Residents and officials who packed a yacht club on the north shore of the Salton Sea in Southern California on Tuesday vented their anger about what they perceive as unnecessary delays and obfuscations about the environmental and public health disaster unfolding here. The California Water Resources Control Board held the workshop at the North Shore Yacht and Beach Club designed to both inform the public and garner the opinions and experiences of residents living in proximity to the sea, which is rapidly vanishing into the desert.
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Seven states that rely on a major waterway in the U.S. West have finished a yearslong effort to create a plan to protect the Colorado River amid a prolonged drought, the federal government declared Tuesday. U.S. Bureau of Reclamation Commissioner Brenda Burman commended Arizona, California, Nevada, New Mexico, Utah and Wyoming for reaching a consensus on the Colorado River drought contingency plan. Now the states are seeking approval from Congress to implement it.
It could be called the Washington Avenue shuffle. Three times now, Escondido has proposed building a large recycled water treatment plant on lots along Washington Avenue, first near its eastern terminus, the second time in the middle of the city, and now near the western end of the street. The first try was on city-owned land near where the street ends at El Norte Parkway, property surrounded on three sides by newer housing whose residents screamed bloody murder. That location was rejected by the City Council in 2016.
It’s done. The Colorado River Board of California voted 8-1-1 Monday to sign on to a multi-state drought contingency plan, which, somewhat ironically, might not be needed for two years because of an exceptionally wet winter. The process was fractious until the very end, with blistering rebukes from the river’s largest water user, and charges that state and federal laws were possibly being violated to cross the finish line.
AquaCycl, a San Diego-based wastewater treatment startup, took home the grand prize at the San Diego Angel Conference on March 15. A panel of angel investors that had vetted the finalists for months selected AquaCycl as the winner, for a $200,000 cash prize. The company was also voted in as the audience favorite. AquaCycl was co-founded in 2016 by CEO Orianna Bretschger, Vice President of R&D Sofia Babanova and Vice President of Hardware and Manufacturing Ryoji Naito. The company developed a technology that uses electricity-generating bacteria to speed up wastewater treatment rates, resulting in a more efficient, lower-cost option.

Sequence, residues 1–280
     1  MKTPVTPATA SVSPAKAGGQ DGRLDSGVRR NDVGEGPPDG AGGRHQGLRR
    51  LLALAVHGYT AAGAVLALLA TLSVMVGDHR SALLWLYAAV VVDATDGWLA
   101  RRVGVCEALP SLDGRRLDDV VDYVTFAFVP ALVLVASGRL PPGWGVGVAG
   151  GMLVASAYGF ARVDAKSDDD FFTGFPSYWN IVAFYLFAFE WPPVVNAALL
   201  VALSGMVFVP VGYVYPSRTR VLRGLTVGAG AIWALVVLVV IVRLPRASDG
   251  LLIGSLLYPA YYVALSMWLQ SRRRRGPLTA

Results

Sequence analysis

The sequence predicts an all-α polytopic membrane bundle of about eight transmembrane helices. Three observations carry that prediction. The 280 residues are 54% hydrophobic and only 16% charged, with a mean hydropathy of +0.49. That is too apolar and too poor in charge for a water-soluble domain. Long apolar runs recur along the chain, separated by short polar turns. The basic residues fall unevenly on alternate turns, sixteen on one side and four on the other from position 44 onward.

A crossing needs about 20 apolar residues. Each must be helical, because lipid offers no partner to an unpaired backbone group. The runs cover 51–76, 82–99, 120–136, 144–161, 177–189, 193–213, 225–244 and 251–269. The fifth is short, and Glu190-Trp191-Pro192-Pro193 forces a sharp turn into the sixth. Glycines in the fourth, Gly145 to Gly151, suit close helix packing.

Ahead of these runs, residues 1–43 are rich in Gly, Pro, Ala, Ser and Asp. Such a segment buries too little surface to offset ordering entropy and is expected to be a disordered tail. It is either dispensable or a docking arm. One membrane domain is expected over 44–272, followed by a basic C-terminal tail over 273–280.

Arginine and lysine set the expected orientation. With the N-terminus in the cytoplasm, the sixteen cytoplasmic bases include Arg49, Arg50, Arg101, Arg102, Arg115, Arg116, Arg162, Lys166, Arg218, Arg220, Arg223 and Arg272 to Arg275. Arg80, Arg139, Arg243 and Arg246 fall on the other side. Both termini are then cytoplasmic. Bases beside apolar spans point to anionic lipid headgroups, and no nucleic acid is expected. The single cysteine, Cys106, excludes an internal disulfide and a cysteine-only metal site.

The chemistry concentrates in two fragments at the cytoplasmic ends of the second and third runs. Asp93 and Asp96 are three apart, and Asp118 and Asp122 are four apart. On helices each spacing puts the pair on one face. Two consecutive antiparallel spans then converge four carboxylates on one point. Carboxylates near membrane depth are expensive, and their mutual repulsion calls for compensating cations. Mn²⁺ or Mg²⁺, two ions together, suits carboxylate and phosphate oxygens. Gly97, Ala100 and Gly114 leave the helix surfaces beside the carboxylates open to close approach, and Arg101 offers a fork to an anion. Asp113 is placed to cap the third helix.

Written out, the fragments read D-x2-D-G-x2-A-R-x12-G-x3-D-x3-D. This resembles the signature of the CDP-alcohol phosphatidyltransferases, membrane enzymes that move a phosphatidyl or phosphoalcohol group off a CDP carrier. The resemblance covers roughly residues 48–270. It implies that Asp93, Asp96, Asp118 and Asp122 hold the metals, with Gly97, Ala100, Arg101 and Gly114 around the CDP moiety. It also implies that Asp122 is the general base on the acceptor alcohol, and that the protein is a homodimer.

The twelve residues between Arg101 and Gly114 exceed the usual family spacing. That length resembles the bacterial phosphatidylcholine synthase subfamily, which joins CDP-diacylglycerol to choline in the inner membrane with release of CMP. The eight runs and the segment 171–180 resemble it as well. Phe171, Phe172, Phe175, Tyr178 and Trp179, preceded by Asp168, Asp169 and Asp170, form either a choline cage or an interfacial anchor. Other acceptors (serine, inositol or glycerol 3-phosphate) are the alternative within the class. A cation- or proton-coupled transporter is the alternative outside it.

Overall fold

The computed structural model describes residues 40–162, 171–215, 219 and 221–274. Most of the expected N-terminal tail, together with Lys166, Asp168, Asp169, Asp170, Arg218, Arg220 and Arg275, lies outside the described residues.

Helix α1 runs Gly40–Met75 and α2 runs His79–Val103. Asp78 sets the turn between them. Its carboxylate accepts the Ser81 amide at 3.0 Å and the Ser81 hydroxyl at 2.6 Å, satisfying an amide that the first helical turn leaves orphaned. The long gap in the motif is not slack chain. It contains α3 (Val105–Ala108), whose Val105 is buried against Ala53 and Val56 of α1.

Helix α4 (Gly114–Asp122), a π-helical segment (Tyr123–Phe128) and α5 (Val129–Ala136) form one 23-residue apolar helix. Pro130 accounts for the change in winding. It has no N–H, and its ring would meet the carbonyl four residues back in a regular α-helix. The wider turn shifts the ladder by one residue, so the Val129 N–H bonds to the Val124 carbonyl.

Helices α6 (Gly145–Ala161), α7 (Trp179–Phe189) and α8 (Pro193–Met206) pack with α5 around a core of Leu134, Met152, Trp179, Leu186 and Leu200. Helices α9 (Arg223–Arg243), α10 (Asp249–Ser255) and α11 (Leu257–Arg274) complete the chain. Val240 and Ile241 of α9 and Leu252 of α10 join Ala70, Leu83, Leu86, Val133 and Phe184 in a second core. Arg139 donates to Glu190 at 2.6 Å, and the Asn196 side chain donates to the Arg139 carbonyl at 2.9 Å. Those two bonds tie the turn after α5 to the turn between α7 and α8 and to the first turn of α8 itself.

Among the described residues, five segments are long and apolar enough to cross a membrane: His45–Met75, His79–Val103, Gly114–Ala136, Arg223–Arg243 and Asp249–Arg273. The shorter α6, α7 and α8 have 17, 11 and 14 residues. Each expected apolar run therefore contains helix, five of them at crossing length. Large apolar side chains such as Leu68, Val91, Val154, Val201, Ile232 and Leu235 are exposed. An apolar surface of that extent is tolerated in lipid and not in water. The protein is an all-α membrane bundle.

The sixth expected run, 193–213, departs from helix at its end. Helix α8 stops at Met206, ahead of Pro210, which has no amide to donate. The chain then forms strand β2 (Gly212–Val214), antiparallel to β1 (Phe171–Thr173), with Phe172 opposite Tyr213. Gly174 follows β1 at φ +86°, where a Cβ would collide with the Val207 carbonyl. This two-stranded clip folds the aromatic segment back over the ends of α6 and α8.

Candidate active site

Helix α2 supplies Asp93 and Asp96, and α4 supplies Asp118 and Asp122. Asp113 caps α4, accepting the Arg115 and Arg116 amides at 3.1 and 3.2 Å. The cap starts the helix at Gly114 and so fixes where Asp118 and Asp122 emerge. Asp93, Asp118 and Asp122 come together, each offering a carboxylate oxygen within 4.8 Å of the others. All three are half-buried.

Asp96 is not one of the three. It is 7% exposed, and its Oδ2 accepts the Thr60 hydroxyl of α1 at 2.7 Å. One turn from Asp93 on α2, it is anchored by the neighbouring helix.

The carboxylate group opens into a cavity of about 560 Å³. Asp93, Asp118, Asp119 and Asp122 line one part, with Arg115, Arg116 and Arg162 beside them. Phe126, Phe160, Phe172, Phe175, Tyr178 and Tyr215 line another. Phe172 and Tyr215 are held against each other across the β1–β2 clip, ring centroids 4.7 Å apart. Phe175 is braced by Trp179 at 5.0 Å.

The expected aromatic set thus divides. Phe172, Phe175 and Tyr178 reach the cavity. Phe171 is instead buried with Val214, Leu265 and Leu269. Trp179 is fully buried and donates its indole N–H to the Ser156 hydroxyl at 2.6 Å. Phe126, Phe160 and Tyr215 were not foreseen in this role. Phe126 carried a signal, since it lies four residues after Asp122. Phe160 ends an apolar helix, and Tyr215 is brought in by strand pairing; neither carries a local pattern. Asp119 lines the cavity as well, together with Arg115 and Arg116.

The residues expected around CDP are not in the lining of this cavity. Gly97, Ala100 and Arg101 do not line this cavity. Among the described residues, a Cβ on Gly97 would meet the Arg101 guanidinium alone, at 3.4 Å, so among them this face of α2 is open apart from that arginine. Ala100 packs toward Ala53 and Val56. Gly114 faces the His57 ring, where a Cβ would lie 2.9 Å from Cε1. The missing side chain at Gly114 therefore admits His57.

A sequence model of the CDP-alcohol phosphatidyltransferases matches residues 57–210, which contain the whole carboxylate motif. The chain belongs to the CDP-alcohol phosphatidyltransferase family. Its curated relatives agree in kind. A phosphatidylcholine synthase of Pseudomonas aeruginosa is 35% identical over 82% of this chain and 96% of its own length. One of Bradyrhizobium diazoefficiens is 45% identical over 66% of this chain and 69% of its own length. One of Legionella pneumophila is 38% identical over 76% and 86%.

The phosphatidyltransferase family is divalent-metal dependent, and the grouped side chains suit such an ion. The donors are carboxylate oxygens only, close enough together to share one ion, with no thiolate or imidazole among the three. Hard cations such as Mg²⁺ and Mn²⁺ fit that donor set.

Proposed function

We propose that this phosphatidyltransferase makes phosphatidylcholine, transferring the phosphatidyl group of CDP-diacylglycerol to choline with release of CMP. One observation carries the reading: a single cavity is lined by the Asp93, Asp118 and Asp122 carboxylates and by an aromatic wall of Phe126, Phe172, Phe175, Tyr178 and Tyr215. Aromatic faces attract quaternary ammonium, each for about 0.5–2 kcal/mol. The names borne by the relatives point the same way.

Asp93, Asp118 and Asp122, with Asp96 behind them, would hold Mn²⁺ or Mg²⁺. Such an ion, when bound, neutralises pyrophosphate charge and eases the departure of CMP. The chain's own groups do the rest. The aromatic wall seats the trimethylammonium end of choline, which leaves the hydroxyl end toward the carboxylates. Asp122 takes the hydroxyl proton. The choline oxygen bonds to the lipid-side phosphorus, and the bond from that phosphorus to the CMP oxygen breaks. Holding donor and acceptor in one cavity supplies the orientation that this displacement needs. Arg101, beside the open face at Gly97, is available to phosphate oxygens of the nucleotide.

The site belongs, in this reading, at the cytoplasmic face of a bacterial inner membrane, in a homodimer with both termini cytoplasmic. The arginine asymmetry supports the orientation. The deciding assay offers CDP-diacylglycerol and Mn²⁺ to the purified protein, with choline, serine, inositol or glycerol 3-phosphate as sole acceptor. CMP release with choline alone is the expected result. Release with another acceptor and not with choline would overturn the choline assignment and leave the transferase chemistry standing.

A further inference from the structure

The Metropolitan Water District of Southern California on Tuesday sealed California’s participation in a landmark Colorado River drought management plan, agreeing to shoulder more of the state’s future delivery cuts to prevent Lake Mead from falling to dangerously low levels. With California signed on, the plan can move to Congress, which must approve the multi-state agreement before it takes effect. The MWD board took the step over the objections of the Imperial Irrigation District, which holds senior rights to the biggest allocation of river water on the entire length of the Colorado.
As the water pulls back from long-time shorelines along California’s Salton Sea, officials are working to keep dust from the exposed lake bottom out of the air. Bruce Wilcox of the California Resources Agency looked out at what is now the new normal on the 35-mile-long lake’s southeastern shore. “Fifteen years ago there was water right where we’re standing and it’s just receded that much,” Wilcox said as he stood on a spur of land that used to be part of a boat launch.
As the Trump administration moves toward a drought contingency plan for the Colorado River, the Bureau of Reclamation is pushing legislation that would exempt its work from environmental reviews. That includes potential impacts on what has emerged as a major sticking point in the drought negotiations: Southern California’s Salton Sea, a public health and ecological disaster. Draft legislation obtained by E&E News would authorize the Interior secretary to implement the drought plan “notwithstanding any other provision of law” and “without delay.”
A major Southern California water agency is trying to push the state through a final hurdle in joining a larger plan to preserve a key river in the U.S. West that serves 40 million people. Most of the seven states that get water from the Colorado River have signed off on plans to keep the waterway from crashing amid a prolonged drought, climate change and increased demands. But California and Arizona have not, missing deadlines from the federal government.
It’s official: California is 100% drought-free. For the first time since 2011, the state shows no areas suffering from prolonged drought and illustrates almost entirely normal conditions, according to a map released Thursday by the U.S. Drought Monitor. Former Gov. Jerry Brown issued an executive order in 2017 that lifted the drought emergency in most of the state, leaving some breathing a sigh of relief. But he cautioned Californians to keep saving water as some parts of the state were still suffering from extreme drought.